Introduction of concussion substitutes is one rule change worth making – Stuart Rayner

Finding Jack Charlton is both uplifting and upsetting.

Sheffield United's George Baldock suffered a head injury during last weekend's Yorkshire derby against Leeds United at Elland Road. Picture: Andrew Yates/Sportimage

The film about Leeds United’s record appearance-maker and England’s World Cup winner, shown on television last week and still available on iPlayer, looks back on a remarkable career (albeit mainly his time as Republic of Ireland manager and his relationship with his brother, Sir Bobby, precious little on life at Elland Road, or managing Sheffield Wednesday and Middlesbrough). But the most powerful parts are footage of Charlton before his death last year, a feeble shell of a man, the flickers of recognition for names and faces once so dear to him frustratingly fleeting.

It ought to be compulsive viewing for those dithering over head injuries in football.

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Charlton is by no means the only former footballer gripped by dementia. Gordon McQueen, signed to replace him in the role of head-everything-that-comes-near-you centre-back, was recently confirmed as another. So too, following Jack’s death, was his brother, Sir Bobby. Ray Wilson, John Charles, Nobby Stiles, Chris Chilton, Martin Peters, Jeff Astle, Billy McNeill, Jimmy Hill, Dave Mackay, Bob Paisley, Nat Lofthouse, Ferenc Puskas, Gerd Muller, Stan Bowles... they are the tip of the iceberg, and there will be many more beneath the surface whose families do not want their problems aired.

Sheffield Wednesday's Julian Borner receives treatment for an early injury against Huddersfield Town at the John Smith's Stadium in December. Picture: Martin Rickett/PA

Football is slowly, one gets the impression even reluctantly, starting to act but last week’s Yorkshire derby at Elland Road was a reminder of how much more there is to do.

Two Sheffield United players went off with apparent concussion. As soon as Jayden Bogle took a stray Ezgjan Alioski forearm in the face he was assessed and taken off, but not George Baldock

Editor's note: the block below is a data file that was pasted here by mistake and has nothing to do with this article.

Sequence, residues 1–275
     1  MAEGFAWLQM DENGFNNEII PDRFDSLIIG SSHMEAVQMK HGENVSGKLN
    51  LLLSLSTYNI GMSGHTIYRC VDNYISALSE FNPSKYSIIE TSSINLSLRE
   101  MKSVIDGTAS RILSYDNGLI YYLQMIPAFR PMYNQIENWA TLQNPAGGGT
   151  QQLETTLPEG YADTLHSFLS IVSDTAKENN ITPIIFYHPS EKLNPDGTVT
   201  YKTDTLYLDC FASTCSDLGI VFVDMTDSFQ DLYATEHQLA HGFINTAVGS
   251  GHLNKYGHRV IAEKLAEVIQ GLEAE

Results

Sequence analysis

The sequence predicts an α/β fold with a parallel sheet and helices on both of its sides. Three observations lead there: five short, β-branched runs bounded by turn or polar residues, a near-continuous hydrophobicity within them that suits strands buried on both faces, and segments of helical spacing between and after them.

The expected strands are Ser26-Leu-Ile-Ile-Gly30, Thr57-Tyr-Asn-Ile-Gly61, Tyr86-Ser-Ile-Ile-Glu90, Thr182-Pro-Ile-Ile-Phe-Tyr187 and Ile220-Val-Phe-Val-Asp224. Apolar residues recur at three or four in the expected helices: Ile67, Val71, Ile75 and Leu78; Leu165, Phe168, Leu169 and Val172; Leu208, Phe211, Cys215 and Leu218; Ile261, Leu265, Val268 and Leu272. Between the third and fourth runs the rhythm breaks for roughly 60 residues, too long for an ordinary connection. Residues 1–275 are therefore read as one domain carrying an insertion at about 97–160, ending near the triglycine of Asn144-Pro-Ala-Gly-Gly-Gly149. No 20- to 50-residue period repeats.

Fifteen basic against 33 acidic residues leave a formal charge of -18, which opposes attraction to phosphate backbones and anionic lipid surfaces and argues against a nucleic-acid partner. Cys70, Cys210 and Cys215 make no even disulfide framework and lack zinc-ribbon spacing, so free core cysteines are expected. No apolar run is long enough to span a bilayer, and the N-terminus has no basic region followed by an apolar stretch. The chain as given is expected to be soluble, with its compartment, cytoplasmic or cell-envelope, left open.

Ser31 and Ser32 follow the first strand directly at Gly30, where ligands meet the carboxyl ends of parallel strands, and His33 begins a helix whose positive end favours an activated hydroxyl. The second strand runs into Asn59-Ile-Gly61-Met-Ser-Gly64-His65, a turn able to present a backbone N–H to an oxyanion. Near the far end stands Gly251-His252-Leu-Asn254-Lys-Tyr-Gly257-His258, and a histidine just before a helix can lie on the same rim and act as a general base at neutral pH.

Baldock came off second best from a clumsy tackle on Tyler Roberts after 33 minutes. Substitute Ethan Ampadu quickly put his shirt on, then headed down the touchline in his tracksuit bottoms to stretch.

The Sheffield United medical staff were thorough in dealing with Baldock. In less enlightened times you might have been frustrated at how long it took or at least that it had to be done on the pitch. Now, though, we understand why.

Jack Charlton was the subject of a compelling documentary recently aired on the BBC. Picture: Paul Ellis/Getty Images

Eventually, Baldock got to his feet, walked to the touchline and was re-assessed. By that time, Ampadu had put a bib over his shirt. Baldock was sent back on.

In the 45th minute, with only really the time to be added for his on-pitch assessment left (we had four extra minutes), Baldock sat down. His vision was blurred, carrying on was ridiculous. Ampadu finally came on.

It was not the first time this season I had seen something like that. In December, Sheffield Wednesday’s Julian Borner took a bang to the head after about 15 minutes against Huddersfield Town. He underwent the same assessments but from the distance of the press box looked dazed and confused even when he returned. He did not last long before being substituted.

Not for a second am I suggesting either medical staff did not do their job professionally and properly. What I am suggesting, as others have, is they did not have enough time to be really sure the players were not concussed, and this is not an issue we should guess on.

In January, the Premier League started a trial of concussion substitutes, and the Blades took advantage against Leeds, which is why Baldock’s overdue removal did not count towards their three permitted changes. It was a welcome step but as so often with football on this issue, not far enough.

The Blades should have had the option of bringing Ampadu on immediately, and swapping the players back over if Baldock was not concussed. In rugby union temporary concussion substitutes can appear for up to 12 minutes of playing time until a final decision.

“Players need to be properly assessed away from the crowd and the television cameras and they need a good 10 minutes,” surgeon Bill Ribbans told me in December. “The HIAs (head injury assessments) in rugby and cricket are quite a weighty document (four dense pages of A4). To go through that very objectively takes time.”

Links between dementia and regularly heading footballs – be they the heavy leather ones Charlton bullied or the lighter ones which can be smashed at so much greater speed – are still to be conclusively proven but the circumstantial evidence is becoming weighty. With research published yesterday suggesting a link between Covid-19 and dementia, this generation of players have other factors against them.

Looking too hard into it might open a raft of legal cases but taking risks with the current generation of millionaires is a far bigger gamble.

You surely do not need to be a brain surgeon, though, to work out that getting knocked out is not great for the grey matter.

Seeing Baldock, Borner and others head back onto the field was deeply uncomfortable.

Concussion substitutes will change the game and, like blood substitutes in rugby, could be exploited by the unscrupulous. If it means one less footballing hero reduced to what Charlton was, sign me up any day.

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